It would take an effort to get an annual/semi-annual DF Threat report released. People would be needed to organize its creation, research/test/document threats, edit the report, and to release the report. I wouldn’t only be an occasional author to research/test/document threats but I’d be a reader eager to see the DF Threat Report with each new year. Maybe this is just wishful thinking on my part that one day when reading a report outlining the year’s trends there will actually be useful DFIR information that could be used when investigating a system.
  1. Corey,

    In your mind, who would compile such a report?

    As you've demonstrated in your blog, it's not hard to set up a system, run an exploit against it and then post the results of a forensic examination. However, the question would be, who (which company) is doing enough to identify trends in their examinations, and would be willing to share that information?

    When I was on the IBM ISS team, we couldn't get most analysts to post their reports to a share on a server, let alone share their findings.

    It may be cynical of me, but I don't think folks out there are going to do something like this, as in a lot of ways, I think that they believe that it would expose them to too much risk.

  2. To compile the report wouldn't necessary require an organization. I was thinking along the lines to use the trend reports being put out by the various security companies such as Sophos, Symantec, Mandiant, etc.. Their reports already identify trends so all that would be needed is for the trend to be replicated on a test system for documentation. For example, with the Facebook attacks one would just need to find an active attack and then infect a test system to document the artifacts. This wouldn't release any actual case data since it is a testing environment. The person could share their perspective on how they would approach the investigation.

    I don't think an organization who is identifying trends would necessary be required to compile the report since trends reports from other sources would be used. It could be done by one person with others to help write the content.

    I agree with you that most folks won't discuss a case in such detail. This is why I thought using test systems and trends identified by other security organizations could help avoid that. The one thing I found out is it takes a lot of time and testing to document the artifacts from an exploit or simulated attack. I'm not sure how many people would be willing to give up so much time to writeup an article.

  3. I'm sure that with the right infrastructure, something like this could be made easier to complete. For example, look at the process of what is done to identify exploit artifacts:

    - Snapshot the file system and Registry

    - Run exploit

    - Create a second snapshot; 'diff' to identify what should be searched for in a timeline

    I'm thinking that this could be automated to a degree, in much the same way malware analysis is sandboxed.

  4. Mandiant has their M-Trends and "State of the Hack" that provide current DFIR trends, including case studies. Also, the Verizon DBIR report has high-level stats on the breaches they investigate. What are you looking for in a DF "threat report" beyond what they do?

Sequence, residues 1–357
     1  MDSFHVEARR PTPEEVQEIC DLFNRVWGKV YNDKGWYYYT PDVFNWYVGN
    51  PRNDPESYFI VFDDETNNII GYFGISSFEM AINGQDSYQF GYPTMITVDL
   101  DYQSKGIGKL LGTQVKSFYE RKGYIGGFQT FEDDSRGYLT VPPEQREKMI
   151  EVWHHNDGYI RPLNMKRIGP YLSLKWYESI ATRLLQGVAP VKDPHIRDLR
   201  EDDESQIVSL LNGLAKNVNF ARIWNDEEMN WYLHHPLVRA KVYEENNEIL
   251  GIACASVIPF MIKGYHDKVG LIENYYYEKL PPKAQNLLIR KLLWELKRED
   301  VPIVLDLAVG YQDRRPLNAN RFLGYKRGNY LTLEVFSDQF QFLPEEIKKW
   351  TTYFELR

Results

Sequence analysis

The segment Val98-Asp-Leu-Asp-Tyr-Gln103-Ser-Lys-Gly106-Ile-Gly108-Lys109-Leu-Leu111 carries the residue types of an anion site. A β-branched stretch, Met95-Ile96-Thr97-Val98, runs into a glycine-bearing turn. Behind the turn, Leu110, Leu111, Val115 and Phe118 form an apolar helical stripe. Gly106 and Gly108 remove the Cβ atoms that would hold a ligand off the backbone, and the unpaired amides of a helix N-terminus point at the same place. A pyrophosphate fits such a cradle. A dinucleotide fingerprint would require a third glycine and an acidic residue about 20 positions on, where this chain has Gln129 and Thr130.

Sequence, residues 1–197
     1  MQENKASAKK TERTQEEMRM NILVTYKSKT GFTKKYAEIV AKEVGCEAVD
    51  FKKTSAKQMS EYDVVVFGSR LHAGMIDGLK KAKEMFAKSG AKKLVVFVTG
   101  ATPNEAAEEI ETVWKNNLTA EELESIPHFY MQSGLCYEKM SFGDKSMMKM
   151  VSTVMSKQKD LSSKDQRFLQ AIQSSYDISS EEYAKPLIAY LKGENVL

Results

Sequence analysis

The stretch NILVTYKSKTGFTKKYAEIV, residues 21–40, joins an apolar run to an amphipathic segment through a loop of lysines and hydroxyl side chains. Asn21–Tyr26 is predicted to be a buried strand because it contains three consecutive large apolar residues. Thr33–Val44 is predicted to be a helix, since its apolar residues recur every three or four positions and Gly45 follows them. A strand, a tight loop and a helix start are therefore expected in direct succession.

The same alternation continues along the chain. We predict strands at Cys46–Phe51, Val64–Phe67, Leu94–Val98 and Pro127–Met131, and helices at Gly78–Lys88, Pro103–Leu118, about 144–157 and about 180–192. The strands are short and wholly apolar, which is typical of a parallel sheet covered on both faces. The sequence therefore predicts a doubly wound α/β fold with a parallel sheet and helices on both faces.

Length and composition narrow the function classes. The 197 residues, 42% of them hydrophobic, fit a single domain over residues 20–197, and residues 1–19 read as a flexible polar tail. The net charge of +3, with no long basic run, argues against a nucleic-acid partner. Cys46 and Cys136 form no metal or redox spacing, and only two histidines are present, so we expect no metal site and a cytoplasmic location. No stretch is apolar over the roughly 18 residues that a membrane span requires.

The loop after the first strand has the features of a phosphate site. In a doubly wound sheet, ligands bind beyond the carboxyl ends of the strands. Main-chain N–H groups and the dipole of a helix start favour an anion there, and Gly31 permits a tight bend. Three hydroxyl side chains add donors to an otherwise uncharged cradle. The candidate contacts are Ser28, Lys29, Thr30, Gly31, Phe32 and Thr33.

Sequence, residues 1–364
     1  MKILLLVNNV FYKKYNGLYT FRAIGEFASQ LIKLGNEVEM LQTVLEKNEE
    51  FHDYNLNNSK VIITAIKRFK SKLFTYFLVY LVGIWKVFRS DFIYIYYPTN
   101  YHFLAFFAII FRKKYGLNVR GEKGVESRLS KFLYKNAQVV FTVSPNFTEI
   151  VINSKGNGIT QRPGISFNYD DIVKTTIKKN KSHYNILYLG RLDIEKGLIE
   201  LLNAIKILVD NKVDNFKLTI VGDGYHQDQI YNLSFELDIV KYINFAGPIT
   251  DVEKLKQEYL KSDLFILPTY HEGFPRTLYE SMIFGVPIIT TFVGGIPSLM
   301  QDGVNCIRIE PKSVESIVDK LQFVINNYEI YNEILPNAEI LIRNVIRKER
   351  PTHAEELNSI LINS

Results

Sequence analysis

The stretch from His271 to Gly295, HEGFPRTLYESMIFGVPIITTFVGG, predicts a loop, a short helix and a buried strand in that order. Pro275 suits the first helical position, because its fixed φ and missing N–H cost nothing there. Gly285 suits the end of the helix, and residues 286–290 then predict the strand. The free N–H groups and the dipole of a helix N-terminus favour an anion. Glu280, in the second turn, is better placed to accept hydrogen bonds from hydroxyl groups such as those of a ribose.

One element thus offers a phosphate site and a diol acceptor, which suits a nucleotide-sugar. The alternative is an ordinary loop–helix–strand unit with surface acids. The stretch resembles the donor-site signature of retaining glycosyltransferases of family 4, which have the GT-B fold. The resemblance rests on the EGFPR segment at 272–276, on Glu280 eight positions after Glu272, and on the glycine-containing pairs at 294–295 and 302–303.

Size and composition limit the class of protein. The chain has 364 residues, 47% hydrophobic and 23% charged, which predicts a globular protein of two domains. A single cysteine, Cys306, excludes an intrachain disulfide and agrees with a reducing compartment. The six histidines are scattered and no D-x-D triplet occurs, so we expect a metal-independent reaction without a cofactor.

5. Alex,

    I think what Corey is looking for is not the trends in the exploits being used, but what the most-popularly-employed exploits "look like" on a system, with respect to exploit artifacts.

    One example might be that one of the reports you mentioned would suggest that SQL Injection is widely used, but that doesn't really help analysts that aren't familiar with SQL Injection attacks. Following with what Corey is asking about, a DF "threat report" (perhaps "artifact report" is a better term) would illustrate what the artifacts of a SQL Injection attack look like.


  6. I read both reports produced by Mandiant and Verizon. However, a DF Threat report would provide more information that would be useful in examinaing a system.

    I'd like to see a reference to an investigation methodology to use. Take the example of a compromised web server distributing malware. The report should mention some of the initial steps to perform when examining this kind of security incident. If the Sophos numbers are correct 19,000 malicious URLs is alot. I wonder how many people are aware of the investigation method to locate and resolve the issue.

    The second thing I'd like to see in the report are the potential artifacts indicating the threat/breach type. Knowing the potential artifacts can help you better understand the activity on the system. Take the VBIR report and their mention of the attack paths on pg 36 in the 2011 Data Breach report. The attack paths laid out include remote access services, backdoor, web application, or file sharing. If I'm doing an examination and determine the timeframe I'm interested is X. Then I proceed to examine the activity that occured around X. How do I know which attack path was used? If I was aware about the potential artifacts such as certain programs executing, files being created in certain directories, certain event logs, etc then it would be easier for me to identify the attack path. It would also be easier for me to rule out certain attack paths.

    I guess I'm looking more for a report targeted at the digital forensic practioner. To make us more aware of how the threats/breaches/cyber crime trends look like from the data we are seeing during an examination.

  7. Harlan,

    That's an interesting idea to automate it. I basically use the same process to locate exploit artifacts as I do to locate remnants of certain attacks. Do you think it could be done on a smaller scale if you don't have the infrastructure?

  8. Do you think it could be done on a smaller scale if you don't have the infrastructure?

    You've already done it, apparently.

    Here's what I would do...with an image, the in-take process would be to run mmls/fls (as approp.), then mount the volume and extract relevant data. Pretty easy...at least, as I'm building my forensic scanner, it seems pretty easy to me...